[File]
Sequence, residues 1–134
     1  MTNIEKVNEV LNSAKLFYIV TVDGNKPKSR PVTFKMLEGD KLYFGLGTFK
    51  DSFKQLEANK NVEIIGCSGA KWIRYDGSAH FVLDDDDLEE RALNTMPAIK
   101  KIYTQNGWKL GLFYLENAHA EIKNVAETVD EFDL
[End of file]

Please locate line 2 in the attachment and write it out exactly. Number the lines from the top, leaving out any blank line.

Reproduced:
     1  MTNIEKVNEV LNSAKLFYIV TVDGNKPKSR PVTFKMLEGD KLYFGLGTFK